Knowledge is the antidote to perils that arise out of ignorance, which are not the reasons behind poverty. Civilisations may have begun with the proper utilisation and dissemination of knowledge. And in the current era of digital revolution, modern means of learning have been significant instruments in creating wealth and development.
Modern education, which has been around for over a century in Ethiopia, is ill-equipped to improve productivity and create a skilled labour force. This is due to maladministration and unprofessionalism that is prevalent in the education system.
As knowledge has become a valuable commodity, the means to reaching higher education has become sketchy. Degrees can be forged, or acquired without putting in the appropriate number of credit hours. Out higher learning institutions are unable to provide practical experience and admissions that are highly susceptible to nepotism.
Despite improvements made to access in education, it is still the case where higher learning overseas institutions, and in some case even in nearby countries such as Kenya, are better equipped than ours.
The government may be proud of its Millennium Development Goals (MDGs) when it comes to its achievements in the number of college graduates and reducing illiteracy, but the results are haphazard. Over a tenth of the total graduated trainees are not able to accomplish basic tasks within 45 days of hire. They are likewise ill-equipped to deal with daily challenges. The implication is clear – we are far beyond our ambitious educational goals.
The problem may arise from the fact that the public sector has been unable to reward merit. This is most evident in those that are in position at the highest offices in government agencies.
Appointments can be politically motivated, which is also the case in developed countries with more streamlined public sectors. But there is no reason that appointees should not have an educational background in the sectors of the institutions that they oversee.
This severe gap in professionalism means that leaders would be hard-pressed in improving the institutions, which often requires a great deal of reading and adapting. The fact that officials are reshuffled frequently does not help either.
This issue is even more worrying when it comes to the bureaucracy of government institutions tasked with executing the development goals that Ethiopia needs to reach.
Prime Minister Abiy Ahmed (PhD) has taken it upon himself to reform the government. Much of his focus lies in providing an equal playing field for all political parties. But he has also expressed his passionate view in making the public sector more productive by bringing in professionalism to leadership. He has a big part to play in making government meritorious. He is in a better position to root out the polluting factors as a result of his public acceptance.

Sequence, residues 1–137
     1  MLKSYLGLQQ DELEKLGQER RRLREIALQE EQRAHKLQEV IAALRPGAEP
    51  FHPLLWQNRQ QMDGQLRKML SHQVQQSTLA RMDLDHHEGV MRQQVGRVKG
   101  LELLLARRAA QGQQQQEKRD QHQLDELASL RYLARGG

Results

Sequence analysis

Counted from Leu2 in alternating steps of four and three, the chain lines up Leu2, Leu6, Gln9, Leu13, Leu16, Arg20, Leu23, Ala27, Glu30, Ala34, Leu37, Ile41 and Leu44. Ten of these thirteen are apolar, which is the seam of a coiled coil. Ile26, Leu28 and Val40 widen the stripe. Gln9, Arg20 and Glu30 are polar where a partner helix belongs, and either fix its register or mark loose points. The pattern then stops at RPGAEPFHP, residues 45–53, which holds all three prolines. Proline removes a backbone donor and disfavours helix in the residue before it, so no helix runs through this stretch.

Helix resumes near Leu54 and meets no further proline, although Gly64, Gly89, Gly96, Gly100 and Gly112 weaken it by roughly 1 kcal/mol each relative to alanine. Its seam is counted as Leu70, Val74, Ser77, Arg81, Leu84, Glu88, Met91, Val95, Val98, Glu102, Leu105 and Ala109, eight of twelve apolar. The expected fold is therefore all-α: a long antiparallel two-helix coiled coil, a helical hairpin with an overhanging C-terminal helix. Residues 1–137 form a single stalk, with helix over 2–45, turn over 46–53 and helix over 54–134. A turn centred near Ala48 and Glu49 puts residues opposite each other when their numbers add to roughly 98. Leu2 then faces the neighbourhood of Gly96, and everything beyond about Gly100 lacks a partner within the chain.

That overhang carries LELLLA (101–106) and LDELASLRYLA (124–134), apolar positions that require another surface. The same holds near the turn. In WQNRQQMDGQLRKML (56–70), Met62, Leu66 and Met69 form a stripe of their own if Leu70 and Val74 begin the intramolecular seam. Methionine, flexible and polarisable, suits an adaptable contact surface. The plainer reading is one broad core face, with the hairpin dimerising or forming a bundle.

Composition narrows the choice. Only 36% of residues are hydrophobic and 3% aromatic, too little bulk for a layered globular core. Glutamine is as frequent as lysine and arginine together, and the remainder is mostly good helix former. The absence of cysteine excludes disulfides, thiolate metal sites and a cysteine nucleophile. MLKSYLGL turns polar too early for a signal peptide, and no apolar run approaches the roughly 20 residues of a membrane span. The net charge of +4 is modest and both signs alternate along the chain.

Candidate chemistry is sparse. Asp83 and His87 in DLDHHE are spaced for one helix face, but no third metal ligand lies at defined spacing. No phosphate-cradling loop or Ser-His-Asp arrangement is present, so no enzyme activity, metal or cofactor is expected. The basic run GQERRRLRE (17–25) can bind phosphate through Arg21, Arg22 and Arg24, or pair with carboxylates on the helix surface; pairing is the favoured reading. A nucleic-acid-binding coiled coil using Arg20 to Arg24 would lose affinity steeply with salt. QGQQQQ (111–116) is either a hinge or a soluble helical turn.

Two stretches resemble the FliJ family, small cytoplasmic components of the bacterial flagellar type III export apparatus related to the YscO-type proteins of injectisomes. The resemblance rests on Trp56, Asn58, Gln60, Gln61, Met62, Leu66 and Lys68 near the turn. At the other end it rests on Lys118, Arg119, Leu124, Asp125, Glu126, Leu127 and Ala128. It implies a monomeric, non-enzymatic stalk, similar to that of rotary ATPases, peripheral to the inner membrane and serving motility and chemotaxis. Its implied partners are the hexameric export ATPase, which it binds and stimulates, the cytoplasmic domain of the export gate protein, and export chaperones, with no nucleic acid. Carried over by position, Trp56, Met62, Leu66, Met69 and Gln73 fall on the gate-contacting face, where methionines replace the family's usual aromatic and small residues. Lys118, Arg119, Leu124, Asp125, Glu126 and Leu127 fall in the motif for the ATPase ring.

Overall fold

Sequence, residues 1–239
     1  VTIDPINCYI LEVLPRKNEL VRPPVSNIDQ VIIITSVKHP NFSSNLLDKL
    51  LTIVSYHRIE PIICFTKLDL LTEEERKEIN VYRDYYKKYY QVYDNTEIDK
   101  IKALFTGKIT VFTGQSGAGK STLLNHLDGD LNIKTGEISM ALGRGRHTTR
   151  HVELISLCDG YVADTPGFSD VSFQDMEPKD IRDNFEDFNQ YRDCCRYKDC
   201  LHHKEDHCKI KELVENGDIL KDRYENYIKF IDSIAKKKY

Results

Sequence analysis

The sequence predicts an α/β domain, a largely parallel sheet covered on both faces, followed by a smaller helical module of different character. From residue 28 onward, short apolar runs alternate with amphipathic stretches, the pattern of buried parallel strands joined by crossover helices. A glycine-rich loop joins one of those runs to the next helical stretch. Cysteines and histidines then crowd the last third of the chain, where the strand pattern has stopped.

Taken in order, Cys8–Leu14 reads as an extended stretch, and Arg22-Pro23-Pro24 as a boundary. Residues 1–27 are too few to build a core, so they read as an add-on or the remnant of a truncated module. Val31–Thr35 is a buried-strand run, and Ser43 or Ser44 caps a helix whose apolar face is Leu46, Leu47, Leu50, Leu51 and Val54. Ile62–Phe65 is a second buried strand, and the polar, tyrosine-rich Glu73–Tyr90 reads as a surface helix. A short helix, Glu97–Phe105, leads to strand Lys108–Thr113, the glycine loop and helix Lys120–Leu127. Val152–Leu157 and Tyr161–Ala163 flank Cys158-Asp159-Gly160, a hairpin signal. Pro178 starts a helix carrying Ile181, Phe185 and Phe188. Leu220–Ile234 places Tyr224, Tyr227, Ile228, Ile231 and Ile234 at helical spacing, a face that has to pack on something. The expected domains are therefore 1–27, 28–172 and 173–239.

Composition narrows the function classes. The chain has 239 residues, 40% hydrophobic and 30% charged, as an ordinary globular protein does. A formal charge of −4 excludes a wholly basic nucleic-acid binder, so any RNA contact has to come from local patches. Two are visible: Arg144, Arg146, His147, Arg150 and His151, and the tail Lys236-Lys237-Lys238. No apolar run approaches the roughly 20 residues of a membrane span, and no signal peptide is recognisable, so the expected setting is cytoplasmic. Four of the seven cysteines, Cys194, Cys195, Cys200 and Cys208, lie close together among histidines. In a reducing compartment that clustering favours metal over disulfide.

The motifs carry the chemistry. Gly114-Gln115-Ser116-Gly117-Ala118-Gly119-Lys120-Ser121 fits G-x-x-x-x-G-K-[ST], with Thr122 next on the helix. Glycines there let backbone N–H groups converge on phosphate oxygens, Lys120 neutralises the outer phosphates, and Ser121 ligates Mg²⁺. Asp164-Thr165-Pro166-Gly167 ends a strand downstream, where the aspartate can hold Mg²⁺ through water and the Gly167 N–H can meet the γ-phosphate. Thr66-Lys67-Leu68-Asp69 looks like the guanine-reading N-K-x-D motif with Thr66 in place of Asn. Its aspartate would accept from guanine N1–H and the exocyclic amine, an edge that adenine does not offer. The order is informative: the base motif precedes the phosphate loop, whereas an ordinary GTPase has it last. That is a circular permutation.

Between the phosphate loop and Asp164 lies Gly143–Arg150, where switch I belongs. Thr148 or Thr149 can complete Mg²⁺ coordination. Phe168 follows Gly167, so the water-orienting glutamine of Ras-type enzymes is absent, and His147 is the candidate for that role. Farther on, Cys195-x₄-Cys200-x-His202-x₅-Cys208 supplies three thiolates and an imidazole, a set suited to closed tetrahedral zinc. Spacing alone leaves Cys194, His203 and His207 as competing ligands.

There needs to be a comprehensive and broader perspective taken at all levels of government. Different ideas need to be entertained, with the government serving as a marketplace of ideas. Strategies and policies should be debated before they are implemented. Every regulator and policymaker needs to be broadly and adequately knowledgeable of the sectors that they are responsible for.
I rather argue that paralysis exists where understandings lie. Although experience is important, it should not override proven competence, and I accept Abiy’s lecture on competency. But we should put great faith in professionalism to build institutional capacities.
We have tried to become an economically competitive country for the past two decades. Our tactics are obviously not working. And they will continue to fail if we continue with the same officials in government we have had since the turn of the century in the name of experience.
There is the need to clear up and start with a clean slate. Experience is good, but if the outcome is not worthwhile, the better alternative is to bring in people with proven records, specifically from the private sector. Knowledge should be a basic criterion here.
Ethiopia is overdue with regulatory reforms that allow the financial sector to generate more hard currency than more and tighter regulations. We should have policymakers that are proactive in the strategies that they design. Most importantly, we can have a government that is able to support the private sector instead of merely policing it. But what we have is a worn out system and it will continue to be as such given the rate of change in the modern world.
The problem with policy-making and regulatory practices is that we repeat them despite repeated failures. Prime Ministers of the past have believed that by shuffling ineffective officials around different institutions positive impacts could be achieved.
Rather than cope with dynamism we complain, ignore or consider our selves to be outside of given problems. We are more often than not surprised by the changing environment because we fail to pay attention to it. We concluded that what we learned two decades before is sufficient enough to address current headaches. Abiy, thus, must be able to invest his political clout in bringing to the fore a dynamic and vibrant team to realise economic targets.
He and his administration must be able to assure the quality of education and reward those in government that are knowledgeable.
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